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Carnoustie Links plans approved at heated council meeting

An artist's impressions of the extended golf links centre.
An artist's impressions of the extended golf links centre.

Consent for an extension to the golf centre at the historic links course in Carnoustie was granted at a fiery council meeting.

Carnoustie Golf Links Management Committee’s £4.75m project has divided the town with concerns being raised at the impact the new bar and restaurant would have on other businesses in the town.

Artist impressions of the Golf Links centre as it would look.

Addressing the full meeting of Angus Council, Links Management Committee chair Pat Sawers said the extension was “much needed” to retain Carnoustie’s status with the R&A, which organises The Open.

She said: “There are 10 courses on the Open Championship rota and Carnoustie is the only one which doesn’t provide the type of facilities we are proposing, namely a first class bar and restaurant and state-of-the-art warmup facilities.

“The R&A have an expectation that all Championship venues continue to build on and improve what they offer.

“As we are currently behind all the other venues, Carnoustie can not afford to stand still.”

The Links Committee requires the permission of Angus Council, which own the links, for any alterations to its facilities and also if it plans to borrow sums of more than £200,000. It plans to take out a loan of £2.95m for the development, which would not be secured against any council asset.

It simply can not be right that the council will approve the use of a community asset to unfairly undermine our businesses.

Bill Thompson, captain of Carnoustie Golf Course, told the council that the plans could put the “financial stability” of Carnoustie links at risk.

He said: “This project will use of all of the £1.8m cash reserves, followed by an aggressive loan repayment schedule that will result in the majority of future annual profits being put towards this project.”

However, Alan Creevy, a director of consultants CDLH, said his “worst case scenario” analysis still found the improved centre would generate a surplus.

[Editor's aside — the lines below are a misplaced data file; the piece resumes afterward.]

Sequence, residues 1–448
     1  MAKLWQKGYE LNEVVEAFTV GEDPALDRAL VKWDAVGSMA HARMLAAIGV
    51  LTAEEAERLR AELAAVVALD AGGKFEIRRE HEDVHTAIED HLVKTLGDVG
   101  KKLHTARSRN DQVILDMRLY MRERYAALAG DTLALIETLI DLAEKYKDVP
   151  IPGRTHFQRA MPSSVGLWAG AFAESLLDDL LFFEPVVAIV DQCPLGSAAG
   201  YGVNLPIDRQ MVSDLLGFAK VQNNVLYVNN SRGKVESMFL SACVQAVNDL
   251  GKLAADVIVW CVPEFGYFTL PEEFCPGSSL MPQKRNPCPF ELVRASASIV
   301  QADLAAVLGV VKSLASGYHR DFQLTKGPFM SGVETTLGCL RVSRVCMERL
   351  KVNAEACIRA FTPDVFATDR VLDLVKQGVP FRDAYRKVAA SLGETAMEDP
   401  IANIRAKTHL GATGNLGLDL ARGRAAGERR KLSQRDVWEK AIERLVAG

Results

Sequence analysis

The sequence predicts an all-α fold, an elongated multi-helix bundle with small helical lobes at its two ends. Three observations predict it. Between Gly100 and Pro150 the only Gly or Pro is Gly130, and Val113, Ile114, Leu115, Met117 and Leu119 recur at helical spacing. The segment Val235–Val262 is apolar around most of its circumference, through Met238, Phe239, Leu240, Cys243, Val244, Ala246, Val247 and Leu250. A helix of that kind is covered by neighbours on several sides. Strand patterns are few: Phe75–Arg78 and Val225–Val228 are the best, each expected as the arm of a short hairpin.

A spokeswoman on behalf of a group of number of pubs, hotels and restaurants in Carnoustie said the project would have a detrimental impact on their businesses.

She said: “It simply can not be right that the council will approve the use of a community asset to unfairly undermine our businesses.”

Carnoustie councillor Bill Bowles, who recently stood down from the Links Management Committee, proposed two amendments, both of which were ruled incompetent by Provost Helen Oswald after she took legal advice from the council’s head of law Sheona Hunter.

Mrs Oswald told Mr Bowles that issues regarding the amount of consultation undertaken, how money is spent and whether golfers would pay higher fees were all matters for the Links Management Committee.

Mr Bowles replied: “I am disappointed. I think it’s wrong for you to sit in the chair as a member of the Golf Links Management Committee to make a judgement on the competency of motions.”

Fellow Carnoustie councillor Brian Boyd added that he was “bitterly disappointed”.

Another attempt at an amendment was made by Brechin councillor Bob Myles who asked that the decision be deferred to see agreement could be achieved by golf clubs and other businesses in Carnoustie. This too was ruled incompetent by Mrs Oswald.

Seconding the Provost’s motion that approval by granted, Arbroath councillor Alex King said there was a “significant risk” the Open wouldn’t return to Carnoustie after the 2018 Championship if the facilities weren’t enhanced.

He added: “If the demand for facilities at Open venues is escalating and we do nothing all we are doing is saying to the R&A that Carnoustie doesn’t want the Open any more because we’re not prepared to improve the facilities.”

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